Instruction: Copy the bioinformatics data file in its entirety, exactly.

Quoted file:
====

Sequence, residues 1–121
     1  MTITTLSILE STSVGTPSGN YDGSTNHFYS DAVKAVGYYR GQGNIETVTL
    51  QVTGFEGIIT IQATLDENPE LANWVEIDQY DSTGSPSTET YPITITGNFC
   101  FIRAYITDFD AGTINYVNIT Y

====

Sequence, residues 1–121
     1  MTITTLSILE STSVGTPSGN YDGSTNHFYS DAVKAVGYYR GQGNIETVTL
    51  QVTGFEGIIT IQATLDENPE LANWVEIDQY DSTGSPSTET YPITITGNFC
   101  FIRAYITDFD AGTINYVNIT Y